August 7, 2020

Making Succession Plans a Priority

by Heidi Dorn, Dinsmore & Shohl LLP

In the midst of this national pandemic, we wish that we would have had the personal foresight to plan for certain things - like a major downturn in the economy, home schooling and toilet paper.

For businesses, succession planning and planning for the unexpected crisis is essential to ensure the continuity of the business and protection of the interests of clients and customers. This can be a daunting task, and one often put on the back burner. However, there are a number of reasons that succession planning should be a priority, since it serves as a form of insurance for your business.

Succession planning is a preventative tool that both protects client and customer interests and ensures business continuity. Failing to plan for an unexpected crisis can result in harm to clients, customers, the business and the business owner’s family. The benefit of developing a plan is that it allows for the orderly transfer of power & proper handling of pending matters and satisfies fiduciary and professional obligations. The goals of succession planning are to prepare, respond and recover from an unexpected crisis.

The unexpected crisis can take many forms, including an accident, illness or death, a natural disaster, sudden departure of key employees, an adverse publicity event, or a data breach. Any one of these can have devastating effects on the business and, importantly, its clients and customers. Without a sufficient plan in place, businesses risk exposing confidential data, which could result in harm to clients and customers and end a meaningful relationship with business constituents. Also at risk are a multitude of other interrelated duties and services to clients and customers. Therefore, businesses should take adequate, preventative measures to ensure that client and customer interests are protected.

All businesses should have a transition plan in place to ensure business continuity, to ensure the continuation of superior services and to address progressive business and talent growth. This requires the business to prepare in advance and develop a plan by evaluating risks to the business, while accounting for client and customer concerns and needs. The plan should be thorough, yet flexible enough to adapt to a variety of issues that may arise both inside and outside of the business.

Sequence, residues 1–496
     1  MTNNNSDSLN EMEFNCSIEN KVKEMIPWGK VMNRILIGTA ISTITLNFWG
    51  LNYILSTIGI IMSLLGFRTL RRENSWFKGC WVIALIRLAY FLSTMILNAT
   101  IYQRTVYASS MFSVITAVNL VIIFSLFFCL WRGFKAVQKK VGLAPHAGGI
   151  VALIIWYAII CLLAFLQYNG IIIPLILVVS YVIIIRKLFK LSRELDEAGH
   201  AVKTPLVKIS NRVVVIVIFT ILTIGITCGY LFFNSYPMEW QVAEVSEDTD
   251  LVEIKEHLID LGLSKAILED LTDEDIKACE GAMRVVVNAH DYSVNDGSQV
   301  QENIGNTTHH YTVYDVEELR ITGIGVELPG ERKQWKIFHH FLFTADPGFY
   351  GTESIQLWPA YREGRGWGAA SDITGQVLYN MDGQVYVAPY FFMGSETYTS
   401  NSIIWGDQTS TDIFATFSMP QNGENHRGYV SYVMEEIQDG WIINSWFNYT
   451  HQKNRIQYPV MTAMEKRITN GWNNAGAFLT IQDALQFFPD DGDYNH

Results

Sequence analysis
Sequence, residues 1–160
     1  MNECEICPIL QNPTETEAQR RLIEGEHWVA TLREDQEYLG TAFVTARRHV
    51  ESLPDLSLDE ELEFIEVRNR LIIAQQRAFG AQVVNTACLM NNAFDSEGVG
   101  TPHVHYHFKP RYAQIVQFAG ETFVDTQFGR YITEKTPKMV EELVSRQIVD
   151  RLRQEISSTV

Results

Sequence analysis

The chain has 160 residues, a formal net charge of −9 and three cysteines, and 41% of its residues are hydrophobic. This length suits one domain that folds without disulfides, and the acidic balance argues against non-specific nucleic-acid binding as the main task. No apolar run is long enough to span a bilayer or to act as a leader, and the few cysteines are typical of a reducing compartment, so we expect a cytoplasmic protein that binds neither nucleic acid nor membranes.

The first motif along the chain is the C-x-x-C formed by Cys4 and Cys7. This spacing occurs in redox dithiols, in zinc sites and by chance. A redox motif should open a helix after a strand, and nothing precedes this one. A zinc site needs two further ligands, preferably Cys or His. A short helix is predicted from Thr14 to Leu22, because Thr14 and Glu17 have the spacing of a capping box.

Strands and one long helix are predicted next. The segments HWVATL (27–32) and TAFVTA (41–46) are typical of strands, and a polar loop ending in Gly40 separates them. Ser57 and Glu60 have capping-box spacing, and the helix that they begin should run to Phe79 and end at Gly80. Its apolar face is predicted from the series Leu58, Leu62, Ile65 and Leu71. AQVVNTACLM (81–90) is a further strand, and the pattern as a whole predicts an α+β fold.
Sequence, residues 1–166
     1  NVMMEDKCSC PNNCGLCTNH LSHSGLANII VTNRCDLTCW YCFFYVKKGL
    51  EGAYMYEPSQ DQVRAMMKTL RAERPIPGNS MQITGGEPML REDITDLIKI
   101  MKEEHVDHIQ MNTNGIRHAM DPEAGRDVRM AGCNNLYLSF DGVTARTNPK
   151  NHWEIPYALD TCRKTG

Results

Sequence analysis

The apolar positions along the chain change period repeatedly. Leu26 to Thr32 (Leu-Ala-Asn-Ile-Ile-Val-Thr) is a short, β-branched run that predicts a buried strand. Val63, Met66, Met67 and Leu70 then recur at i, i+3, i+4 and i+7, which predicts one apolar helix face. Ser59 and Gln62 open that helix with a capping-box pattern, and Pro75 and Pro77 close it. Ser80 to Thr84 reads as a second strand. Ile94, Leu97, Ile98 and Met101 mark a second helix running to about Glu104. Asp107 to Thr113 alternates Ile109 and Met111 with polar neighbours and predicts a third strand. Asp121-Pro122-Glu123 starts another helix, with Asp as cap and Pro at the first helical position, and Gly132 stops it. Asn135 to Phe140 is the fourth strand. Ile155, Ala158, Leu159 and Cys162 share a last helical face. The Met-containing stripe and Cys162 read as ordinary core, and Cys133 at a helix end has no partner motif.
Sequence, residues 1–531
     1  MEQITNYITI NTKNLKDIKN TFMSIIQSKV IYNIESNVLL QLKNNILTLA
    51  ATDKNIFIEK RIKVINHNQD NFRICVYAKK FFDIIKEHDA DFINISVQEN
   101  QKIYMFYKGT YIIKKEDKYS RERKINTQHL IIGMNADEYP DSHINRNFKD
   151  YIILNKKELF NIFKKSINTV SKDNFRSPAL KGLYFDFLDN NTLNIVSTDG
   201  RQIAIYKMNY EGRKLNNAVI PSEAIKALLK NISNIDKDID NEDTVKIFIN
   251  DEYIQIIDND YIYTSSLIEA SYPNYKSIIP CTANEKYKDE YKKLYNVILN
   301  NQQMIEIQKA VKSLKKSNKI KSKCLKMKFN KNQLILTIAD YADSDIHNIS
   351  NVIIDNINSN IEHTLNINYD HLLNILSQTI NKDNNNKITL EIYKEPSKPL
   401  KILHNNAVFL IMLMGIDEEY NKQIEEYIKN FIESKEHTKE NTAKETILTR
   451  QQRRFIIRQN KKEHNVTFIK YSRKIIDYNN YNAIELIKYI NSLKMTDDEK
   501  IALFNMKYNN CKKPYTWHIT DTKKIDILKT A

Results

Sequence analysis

The current pandemic and economic downturn in which we find ourselves, has brought to light the difficulties of maintaining a business or firm during a crisis. Resources are scarce, courts have closed, clients may have difficulty paying bills, and businesses may not have a sustainable business model (or cash reserves) to continue paying employees. These challenges become exponentially more difficult without a plan in place, and where reactive decisions are being made spontaneously. As daunting as this time may be, it can be an opportunity for businesses to be creative and generate new business, as well as to reassess and adapt, which may leave the business more agile in the ever changing business, legal and consumer marketplace. After all, necessity is the mother of invention, and some of the best ideas and inventions have come out of crisis.

Failing to plan for an unexpected crisis can result in harm to clients, customers, the business and the business owner’s family.